As an alternative to random assignment, a regression discontinuity design takes advantage of situations where program eligibility is determined by whether a score exceeds a threshold. With careful attention to assumptions, analysis, and interpretation, this quasi-experimental design can provide rigorous estimates of program effects. Reflections on Methodology outlines some considerations.
A central element of effective social programs is reaching the target population. Establishing clear and achievable enrollment benchmarks can help programs do just that. This post uses the example of enrollment to establish specific steps that can help practitioners meet benchmarks that are realistic, well-defined, and robust.
Using Behavioral Science to Identify Barriers to Credit Intensity and Satisfactory Academic Progress
Taking enough credits and passing enough classes are key requirements for college success. But behavioral and institutional barriers often get in the way. A new report from MDRC shows how behavioral science can expose these barriers and help colleges move their students past the finish line to graduation.
Interim Findings from the Detroit Promise Path Evaluation
The Detroit Promise allows the city’s high school graduates to attend local colleges tuition-free. To that scholarship the Detroit Promise Path adds campus coaches, monthly financial support, enhanced summer engagement, and messages informed by behavioral science. Interim findings about persistence in school, full-time enrollment, and credit accumulation are all positive.
This Excel tool is intended for colleges undertaking student success programs. It helps colleges set benchmarks: outcome measures that they can use over a defined time period to measure success relative to a prespecified target.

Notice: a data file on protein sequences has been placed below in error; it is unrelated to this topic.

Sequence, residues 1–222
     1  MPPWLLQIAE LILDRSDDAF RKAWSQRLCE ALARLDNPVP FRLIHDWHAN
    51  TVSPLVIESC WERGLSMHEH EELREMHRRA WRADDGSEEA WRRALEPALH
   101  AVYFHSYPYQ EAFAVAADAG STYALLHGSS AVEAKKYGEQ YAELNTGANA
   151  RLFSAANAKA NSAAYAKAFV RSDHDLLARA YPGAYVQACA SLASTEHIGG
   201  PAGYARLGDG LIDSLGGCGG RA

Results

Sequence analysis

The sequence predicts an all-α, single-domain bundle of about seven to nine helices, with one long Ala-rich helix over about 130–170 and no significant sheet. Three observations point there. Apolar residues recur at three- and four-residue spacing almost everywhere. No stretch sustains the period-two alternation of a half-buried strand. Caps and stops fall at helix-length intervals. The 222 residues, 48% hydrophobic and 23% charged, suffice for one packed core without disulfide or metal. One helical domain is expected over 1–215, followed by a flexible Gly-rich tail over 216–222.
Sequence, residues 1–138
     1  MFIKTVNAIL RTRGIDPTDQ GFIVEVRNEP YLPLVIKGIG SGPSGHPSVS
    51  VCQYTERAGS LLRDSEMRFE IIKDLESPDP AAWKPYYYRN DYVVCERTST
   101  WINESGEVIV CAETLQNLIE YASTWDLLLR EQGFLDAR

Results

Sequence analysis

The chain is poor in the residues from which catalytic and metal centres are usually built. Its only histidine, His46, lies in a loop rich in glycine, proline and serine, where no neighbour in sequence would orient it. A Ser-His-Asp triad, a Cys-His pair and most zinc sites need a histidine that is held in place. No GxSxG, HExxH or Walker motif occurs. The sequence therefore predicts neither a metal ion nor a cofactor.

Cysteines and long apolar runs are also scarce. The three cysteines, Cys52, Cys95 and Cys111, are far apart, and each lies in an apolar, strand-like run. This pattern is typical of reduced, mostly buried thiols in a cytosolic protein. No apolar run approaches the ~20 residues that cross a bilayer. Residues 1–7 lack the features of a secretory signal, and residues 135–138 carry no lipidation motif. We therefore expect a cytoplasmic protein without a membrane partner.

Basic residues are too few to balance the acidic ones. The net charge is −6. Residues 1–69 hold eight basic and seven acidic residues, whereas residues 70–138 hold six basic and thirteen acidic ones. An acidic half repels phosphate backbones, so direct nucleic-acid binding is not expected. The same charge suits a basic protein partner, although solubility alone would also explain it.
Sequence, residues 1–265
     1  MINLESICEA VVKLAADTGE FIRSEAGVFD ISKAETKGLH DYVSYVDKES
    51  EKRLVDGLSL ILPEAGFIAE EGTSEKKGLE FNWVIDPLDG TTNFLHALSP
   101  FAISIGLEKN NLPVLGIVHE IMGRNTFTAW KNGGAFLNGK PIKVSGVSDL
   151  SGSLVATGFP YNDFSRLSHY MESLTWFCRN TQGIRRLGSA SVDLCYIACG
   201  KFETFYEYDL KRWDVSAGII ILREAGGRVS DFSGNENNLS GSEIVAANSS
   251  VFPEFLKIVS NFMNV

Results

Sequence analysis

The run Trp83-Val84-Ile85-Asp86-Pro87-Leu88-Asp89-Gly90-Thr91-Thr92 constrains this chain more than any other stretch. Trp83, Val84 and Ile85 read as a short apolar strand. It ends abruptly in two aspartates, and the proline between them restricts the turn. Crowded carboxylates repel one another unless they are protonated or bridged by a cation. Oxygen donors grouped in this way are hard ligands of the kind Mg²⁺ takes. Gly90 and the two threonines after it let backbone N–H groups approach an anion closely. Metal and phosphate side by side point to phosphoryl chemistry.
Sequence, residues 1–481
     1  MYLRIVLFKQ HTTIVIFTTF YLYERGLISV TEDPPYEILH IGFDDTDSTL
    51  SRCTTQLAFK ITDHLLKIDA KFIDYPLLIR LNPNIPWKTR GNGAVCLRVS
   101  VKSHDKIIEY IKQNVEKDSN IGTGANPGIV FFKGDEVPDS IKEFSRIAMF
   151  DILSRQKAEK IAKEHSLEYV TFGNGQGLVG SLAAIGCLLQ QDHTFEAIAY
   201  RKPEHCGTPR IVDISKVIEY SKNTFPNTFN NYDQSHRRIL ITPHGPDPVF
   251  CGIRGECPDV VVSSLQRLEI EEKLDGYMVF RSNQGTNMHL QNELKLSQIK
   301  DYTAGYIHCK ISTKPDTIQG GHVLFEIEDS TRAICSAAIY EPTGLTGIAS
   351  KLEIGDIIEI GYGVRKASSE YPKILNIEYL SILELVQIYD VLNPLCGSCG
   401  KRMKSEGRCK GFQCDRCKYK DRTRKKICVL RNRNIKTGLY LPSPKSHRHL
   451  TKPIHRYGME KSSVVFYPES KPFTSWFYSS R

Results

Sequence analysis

This visual tool is intended to help colleges undertaking student success programs create process maps. A process map is a visual representation that breaks down a process into every decision point, communication, and activity involved from the perspective of a user — in this case, a student.
This evaluation examines a “growth mindset” intervention for ninth-graders as they make the transition to high school. It aims to boost students’ ability to meet challenges and persist in school by demonstrating that academic setbacks do not indicate poor intelligence ― with the goal of enhancing academic resilience and, ultimately, performance.
The Early Implementation of College Promise Programs
College Promise programs offer scholarships for up to 100 percent of tuition and fees. Many Promise programs are adding to their models by providing students with support services. MDRC’s College Promise Success Initiative (CPSI) works with Promise programs interested in including such services; this brief provides some early implementation lessons.
This web feature is the last in a series from the Chicago Community Networks study and offers users the opportunity to interact with the study’s data set through a series of customized network maps that show interrelationships among organizations according to selected neighborhood characteristics and network statistics.
A First Look at Effects on Postsecondary Persistence and Labor Market Outcomes
Four years after scheduled graduation, students from small high schools of choice, which have nonselective admissions and serve many disadvantaged students, were more likely to be enrolled in postsecondary education and to be participating in “productive activity” (being in college, being employed, or both) than their control group counterparts.